Other key benefits for Liverpool and the North West:
HS2 will also free up capacity on the existing north-south lines creating benefits for passengers and businesses both on and off the new high speed network.With one change at Crewe passengers from Chester and North Wales will be able to access high speed services to London and the Midlands.
Combined with the current programme of electrification and plans for completing the Northern Hub, this improved connectivity will unlock the enormous potential and opportunities that cities like Liverpool have to offer – making them more attractive places to locate and do business.
The publication today of the 211-mile northern Phase Two route of HS2, part of the Government’s Mid-Term Review, follows the confirmation a year ago of HS2’s 140-mile southern Phase One route between London and Birmingham, which starts construction in four years and opens to passengers in 13 years. The routes announced today, running from Birmingham to Manchester and Leeds, will open six years after that.
Mr McLoughlin has also confirmed that the consultation on the proposed routes published today will be brought forward to start in 2013 rather than in 2014. He has also ordered the Department for Transport to look into whether the project can be fast-tracked so that the second phase of HS2 is completed ahead of the scheduled completion date of 2032.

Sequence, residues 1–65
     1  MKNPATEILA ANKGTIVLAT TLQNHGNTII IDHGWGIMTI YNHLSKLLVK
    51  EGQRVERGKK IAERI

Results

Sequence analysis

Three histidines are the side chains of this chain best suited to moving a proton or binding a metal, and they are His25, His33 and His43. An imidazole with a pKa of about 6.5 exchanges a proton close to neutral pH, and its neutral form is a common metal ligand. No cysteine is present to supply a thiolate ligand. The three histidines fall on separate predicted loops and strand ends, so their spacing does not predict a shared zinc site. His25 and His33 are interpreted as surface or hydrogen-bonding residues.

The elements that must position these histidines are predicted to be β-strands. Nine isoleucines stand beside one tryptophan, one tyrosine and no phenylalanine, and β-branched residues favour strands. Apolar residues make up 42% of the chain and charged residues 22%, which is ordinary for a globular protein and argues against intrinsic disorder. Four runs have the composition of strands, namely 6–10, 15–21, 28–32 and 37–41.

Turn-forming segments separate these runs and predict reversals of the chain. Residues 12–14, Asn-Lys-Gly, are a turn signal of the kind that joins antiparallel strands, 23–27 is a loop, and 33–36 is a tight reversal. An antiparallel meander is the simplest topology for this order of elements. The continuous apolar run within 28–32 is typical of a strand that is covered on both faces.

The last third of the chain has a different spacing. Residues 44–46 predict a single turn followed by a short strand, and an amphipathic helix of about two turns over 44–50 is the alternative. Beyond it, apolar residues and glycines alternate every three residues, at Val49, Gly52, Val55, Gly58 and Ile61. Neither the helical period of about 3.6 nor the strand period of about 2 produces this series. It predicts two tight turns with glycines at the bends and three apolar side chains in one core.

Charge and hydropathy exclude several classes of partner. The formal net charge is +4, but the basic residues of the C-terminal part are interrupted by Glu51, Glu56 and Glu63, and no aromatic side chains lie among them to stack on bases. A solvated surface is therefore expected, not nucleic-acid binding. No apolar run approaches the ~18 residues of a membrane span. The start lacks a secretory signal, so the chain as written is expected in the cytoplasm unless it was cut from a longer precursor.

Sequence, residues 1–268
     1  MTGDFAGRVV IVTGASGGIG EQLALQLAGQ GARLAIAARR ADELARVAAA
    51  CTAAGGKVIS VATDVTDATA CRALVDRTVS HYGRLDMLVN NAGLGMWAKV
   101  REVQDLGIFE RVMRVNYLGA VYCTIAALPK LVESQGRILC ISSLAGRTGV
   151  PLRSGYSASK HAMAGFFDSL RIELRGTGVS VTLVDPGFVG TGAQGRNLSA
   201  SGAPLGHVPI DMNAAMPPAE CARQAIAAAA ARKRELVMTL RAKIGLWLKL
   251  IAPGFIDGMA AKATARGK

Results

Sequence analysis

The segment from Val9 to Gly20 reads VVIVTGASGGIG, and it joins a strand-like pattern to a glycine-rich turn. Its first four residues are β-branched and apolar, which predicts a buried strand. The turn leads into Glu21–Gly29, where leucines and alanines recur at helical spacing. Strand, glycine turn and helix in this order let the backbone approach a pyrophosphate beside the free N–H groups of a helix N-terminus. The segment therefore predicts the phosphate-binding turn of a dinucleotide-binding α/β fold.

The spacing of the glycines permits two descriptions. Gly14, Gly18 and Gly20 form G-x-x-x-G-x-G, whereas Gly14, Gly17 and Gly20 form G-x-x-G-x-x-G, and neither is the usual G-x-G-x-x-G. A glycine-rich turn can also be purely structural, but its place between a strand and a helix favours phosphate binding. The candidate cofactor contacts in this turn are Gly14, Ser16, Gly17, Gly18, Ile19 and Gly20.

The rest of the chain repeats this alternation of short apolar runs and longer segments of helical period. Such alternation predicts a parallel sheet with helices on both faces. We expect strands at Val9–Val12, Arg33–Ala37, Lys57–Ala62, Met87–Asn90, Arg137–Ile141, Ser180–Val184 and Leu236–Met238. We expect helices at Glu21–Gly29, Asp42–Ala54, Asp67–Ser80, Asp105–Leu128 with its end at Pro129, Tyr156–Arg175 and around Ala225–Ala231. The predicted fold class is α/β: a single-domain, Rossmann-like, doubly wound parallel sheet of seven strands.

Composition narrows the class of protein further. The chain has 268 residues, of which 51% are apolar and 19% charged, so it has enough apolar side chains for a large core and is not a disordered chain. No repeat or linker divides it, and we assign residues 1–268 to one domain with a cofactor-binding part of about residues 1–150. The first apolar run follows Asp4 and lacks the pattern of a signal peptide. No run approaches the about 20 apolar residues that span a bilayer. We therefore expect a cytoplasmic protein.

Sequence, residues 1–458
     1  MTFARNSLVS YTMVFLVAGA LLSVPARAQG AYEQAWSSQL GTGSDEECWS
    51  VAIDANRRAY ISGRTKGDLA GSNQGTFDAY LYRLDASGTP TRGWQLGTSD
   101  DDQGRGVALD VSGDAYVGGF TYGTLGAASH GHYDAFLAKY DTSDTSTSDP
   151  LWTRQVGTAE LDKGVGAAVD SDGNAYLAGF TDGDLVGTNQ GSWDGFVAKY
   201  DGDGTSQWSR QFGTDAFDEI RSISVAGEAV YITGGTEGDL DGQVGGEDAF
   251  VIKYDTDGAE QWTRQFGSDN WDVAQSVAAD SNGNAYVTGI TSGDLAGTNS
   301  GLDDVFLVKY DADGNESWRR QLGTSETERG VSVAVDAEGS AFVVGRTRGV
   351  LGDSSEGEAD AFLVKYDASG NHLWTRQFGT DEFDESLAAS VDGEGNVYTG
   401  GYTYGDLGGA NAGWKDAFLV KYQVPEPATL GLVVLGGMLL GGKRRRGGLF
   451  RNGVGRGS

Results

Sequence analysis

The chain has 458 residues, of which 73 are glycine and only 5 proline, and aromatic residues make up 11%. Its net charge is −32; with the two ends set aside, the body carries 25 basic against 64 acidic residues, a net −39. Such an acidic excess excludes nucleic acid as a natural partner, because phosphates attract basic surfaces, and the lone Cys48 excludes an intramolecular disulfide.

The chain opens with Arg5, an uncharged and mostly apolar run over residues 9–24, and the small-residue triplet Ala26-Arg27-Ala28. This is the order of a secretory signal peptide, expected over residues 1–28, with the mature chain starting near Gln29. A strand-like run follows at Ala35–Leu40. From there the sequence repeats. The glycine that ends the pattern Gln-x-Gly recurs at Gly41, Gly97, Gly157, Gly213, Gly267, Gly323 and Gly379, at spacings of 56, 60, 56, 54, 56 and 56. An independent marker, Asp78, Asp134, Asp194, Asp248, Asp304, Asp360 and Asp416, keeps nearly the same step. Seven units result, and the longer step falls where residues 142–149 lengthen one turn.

Patrick McLoughlin said:
“High Speed Rail is an unparalleled opportunity to secure a step-change in Britain’s competitiveness and this Government will do everything possible to ensure that Liverpool benefits by getting the connections it needs and deserves to thrive.
“HS2 will be woven into the transport fabric of the nation, accessible to all, including those in Liverpool, and I believe these proposed routes north of Birmingham offer a great starting point for the consultation process to follow. As with previous consultations, we will work closely with communities and interested parties to find the right balance between delivering essential infrastructure and respecting the rights and justifiable concerns of those who will be most affected by HS2’s construction.”
The Government and HS2 Ltd will work with MPs, local authorities, station city delivery partners and others, including environment and heritage organisations, to refine these proposals.
This period of engagement will then be followed by an extensive consultation on the preferred route, stations and depots to begin ahead of schedule later this year. This will be designed to give the public the greatest possible opportunity to comment on the plans. The final route will be chosen by the end of 2014.
DfT will also take forward a study in collaboration with Transport Scotland to examine rail connectivity needs north and south of the border and consider Scotland’s aspirations for High Speed Rail. This work will look at how best to boost capacity and cut journey times to under three hours.